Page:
Azure Blueprints enable cloud architects to define a repeatable set of Azure resources that implements and adheres to an organization’s standards, patterns, and requirements. An Azure Blueprint lays out what the finished product should look like. It’s the design, not the actual construction. A good example is the creation of a new resource group with predefined Contributor access for configurable user accounts. That way developers don’t need access at the subscription level, just at the resource group level. Again there are a lot of built-in blueprints. For instance Basic Networking which configures a virtual network with a subnet and a network security group. See the Artifacts tab in the Portal.
Blueprints can be saved in a management group or subscription that you have contributor access to. Azure Blueprints are currently in preview (status Oct 2021).
Blueprints are a declarative way to set up a new environment. It orchestrates the deployment of various resource templates and other artifacts such as:
- Role Assignments
- Policy Assignments
- Azure Resource Manager templates (ARM templates)
- Resource Groups
Blueprints can be versioned and deployed as a package via a CI/CD pipeline. Nearly everything you want to deploy via Azure Blueprints, can be accomplished with an ARM template. One major difference is the relation between “what should be deployed” and “what is actually deployed”. With Azure Blueprints, the relationship between the blueprint definition and the blueprint assignment is preserved. In ARM that’s not the case. Once deployed there’s no relation with the ARM template anymore. There’s no need to choose between an ARM template and a blueprint. Each blueprint is just a container of zero or more ARM templates. With Blueprints you simply don’t have to build complex, monolithic ARM templates anymore. You publish multiple ARM templates via a blueprint.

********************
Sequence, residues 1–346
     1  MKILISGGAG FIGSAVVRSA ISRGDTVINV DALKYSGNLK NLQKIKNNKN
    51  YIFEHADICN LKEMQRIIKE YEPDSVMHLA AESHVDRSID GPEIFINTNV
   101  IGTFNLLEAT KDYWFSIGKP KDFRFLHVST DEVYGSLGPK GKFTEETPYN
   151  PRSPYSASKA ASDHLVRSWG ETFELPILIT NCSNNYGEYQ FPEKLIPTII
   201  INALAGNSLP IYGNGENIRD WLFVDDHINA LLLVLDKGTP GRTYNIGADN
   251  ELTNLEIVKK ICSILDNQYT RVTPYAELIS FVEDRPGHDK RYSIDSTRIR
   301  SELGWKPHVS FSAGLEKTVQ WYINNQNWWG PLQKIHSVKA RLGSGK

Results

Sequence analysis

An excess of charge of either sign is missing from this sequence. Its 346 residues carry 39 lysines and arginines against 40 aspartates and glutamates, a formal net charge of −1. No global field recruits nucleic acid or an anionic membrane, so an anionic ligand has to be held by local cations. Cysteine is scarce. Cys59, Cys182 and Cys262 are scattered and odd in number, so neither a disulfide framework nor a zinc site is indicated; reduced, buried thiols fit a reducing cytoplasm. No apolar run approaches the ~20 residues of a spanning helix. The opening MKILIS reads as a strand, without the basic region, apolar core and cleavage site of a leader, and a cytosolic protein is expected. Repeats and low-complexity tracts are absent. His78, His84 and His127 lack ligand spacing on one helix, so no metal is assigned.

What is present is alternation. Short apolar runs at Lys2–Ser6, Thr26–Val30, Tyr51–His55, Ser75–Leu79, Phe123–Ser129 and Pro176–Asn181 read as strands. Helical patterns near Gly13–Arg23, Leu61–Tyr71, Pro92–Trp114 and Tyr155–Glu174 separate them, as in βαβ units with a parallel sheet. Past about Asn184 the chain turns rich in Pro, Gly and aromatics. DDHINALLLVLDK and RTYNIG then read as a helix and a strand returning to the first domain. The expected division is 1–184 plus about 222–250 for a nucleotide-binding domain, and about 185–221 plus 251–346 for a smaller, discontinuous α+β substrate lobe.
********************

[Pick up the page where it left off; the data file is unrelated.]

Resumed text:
Blueprints can also use parameters. You can either enter the parameter value when assigning the Blueprint via the portal or you can use a default value. Let’s say you create an ARM template for a resource group. Then you can specify a default value for the region and have a resource group name specified at assignment time.
You can also implement different versions of a Blueprint.
We can also include policies in Blueprints. Policies make sure that only approved or expected changes can be made to the environment after initial setup. This ensures ongoing compliance to blueprint. Note that you can also choose to lock the Blueprint assignment. That means you can disable modification of resources contained in the Blueprint, even for owners and contributors. Modifications to resources can only be made by re-assigning the Blueprint, or even better, assigning a new version of the Blueprint. Obviously, a contributor or owner can still add resources. As an example, you can define a subscription and resource group containing a VNet with a certain – unchangeable – IP range. But the VNet owner can still give more people access to the subscription or create new resources within the subscription.